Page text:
-It’s a myth that simply playing more games will make players better. Although it does contribute to more in-game experience (which never hurts), becoming a better player requires much more than simply standing on a baseball diamond for more innings than the next guy. Training and quality instruction, at all ages, is just as important (and sometimes more important) than just playing a ton of games. Of course game time allows for players to display what they’ve developed in training or practice, but many families make the mistake of choosing a team because they play more games, neglecting how much quality practice and instruction the team will get.

Check back next week for more essential tryout tips from guest blogger, Michael McCree. His book GameChanger: The Baseball Parent’s Ultimate Guidecan be found on Amazon.com.


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  Michael McCree, a former collegiate baseball player, has coached hundreds of youth     baseball players through private and team training and continues to have a widespread impact on players and parents alike. He currently coaches in Atlanta, Georgia and other surrounding areas. With a Master’s of Science degree in Sports Administration, his main focus in athletics is geared toward the development and achievement of youth athletes. His work is attributed to his strong belief that youth athletic involvement is an essential tool in the refinement of character.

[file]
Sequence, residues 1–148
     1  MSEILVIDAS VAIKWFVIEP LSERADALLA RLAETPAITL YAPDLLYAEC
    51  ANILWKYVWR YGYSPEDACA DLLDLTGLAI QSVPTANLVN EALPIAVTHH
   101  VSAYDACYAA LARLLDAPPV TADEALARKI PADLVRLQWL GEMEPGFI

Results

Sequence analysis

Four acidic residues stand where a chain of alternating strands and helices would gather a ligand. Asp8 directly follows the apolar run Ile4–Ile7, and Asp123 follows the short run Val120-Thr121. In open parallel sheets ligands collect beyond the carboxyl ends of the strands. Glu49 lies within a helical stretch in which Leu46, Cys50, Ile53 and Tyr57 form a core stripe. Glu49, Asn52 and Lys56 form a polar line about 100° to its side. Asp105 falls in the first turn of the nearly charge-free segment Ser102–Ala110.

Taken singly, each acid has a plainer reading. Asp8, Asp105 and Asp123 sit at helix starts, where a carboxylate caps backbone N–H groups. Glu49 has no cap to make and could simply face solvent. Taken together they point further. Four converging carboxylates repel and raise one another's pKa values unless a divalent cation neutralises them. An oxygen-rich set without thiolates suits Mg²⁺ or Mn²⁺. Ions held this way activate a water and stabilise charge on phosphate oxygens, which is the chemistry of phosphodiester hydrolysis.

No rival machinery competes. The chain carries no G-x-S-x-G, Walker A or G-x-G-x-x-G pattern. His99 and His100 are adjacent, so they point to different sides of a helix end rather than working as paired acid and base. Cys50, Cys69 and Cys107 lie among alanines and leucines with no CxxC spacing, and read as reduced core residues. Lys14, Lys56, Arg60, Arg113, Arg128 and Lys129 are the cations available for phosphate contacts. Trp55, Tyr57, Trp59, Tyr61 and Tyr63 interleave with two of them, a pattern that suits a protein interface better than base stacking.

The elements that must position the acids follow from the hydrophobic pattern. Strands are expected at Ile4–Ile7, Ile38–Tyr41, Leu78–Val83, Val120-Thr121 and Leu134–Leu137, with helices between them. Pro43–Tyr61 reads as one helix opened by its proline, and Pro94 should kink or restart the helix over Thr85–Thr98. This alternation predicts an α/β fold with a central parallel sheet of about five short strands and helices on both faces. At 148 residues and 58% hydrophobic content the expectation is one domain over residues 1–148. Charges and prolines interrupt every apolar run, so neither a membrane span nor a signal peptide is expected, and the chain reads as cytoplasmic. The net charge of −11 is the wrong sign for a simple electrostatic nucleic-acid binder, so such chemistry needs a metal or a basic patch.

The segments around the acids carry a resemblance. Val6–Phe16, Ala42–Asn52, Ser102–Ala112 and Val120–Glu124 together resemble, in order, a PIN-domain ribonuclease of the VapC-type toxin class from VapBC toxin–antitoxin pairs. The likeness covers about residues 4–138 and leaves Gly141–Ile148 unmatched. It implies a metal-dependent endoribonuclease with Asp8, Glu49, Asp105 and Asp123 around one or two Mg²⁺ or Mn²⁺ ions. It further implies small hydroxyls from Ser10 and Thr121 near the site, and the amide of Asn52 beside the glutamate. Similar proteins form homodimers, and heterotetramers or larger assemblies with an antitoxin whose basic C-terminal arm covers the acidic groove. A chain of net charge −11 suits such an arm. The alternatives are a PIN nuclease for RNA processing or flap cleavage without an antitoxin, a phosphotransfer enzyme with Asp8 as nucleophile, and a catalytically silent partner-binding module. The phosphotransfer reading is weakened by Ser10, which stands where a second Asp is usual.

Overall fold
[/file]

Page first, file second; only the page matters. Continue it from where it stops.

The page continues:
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Angela Weight

Founder and publisher of Travel Ball Parents.com, Angela Weight is still a little shocked to be running one of the most popular youth sports parenting sites on the web. Click the ABOUT US tab to read her story.

19 thoughts on “What’s Your Motive for Changing Teams?…. 3 More Essential Tips for Team Tryouts.

  • July 26, 2016 at 3:23 pm
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    I have been coaching my kid team for a while now and for that say Daddy ball I may agree with you at some percentage. but myself I always push my my kid to the limit and I make it clear to him and the rest of the team that if they want that position they have to earn it period.

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  • August 28, 2015 at 6:12 pm
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    I’ve sat on the sidelines of different sports with both types of coaches, and I have to say ‘daddy’ coaches often fall into playing favoritism. And, the worst are the ones that give preference to their own kids and their friends.
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  • August 27, 2015 at 5:52 am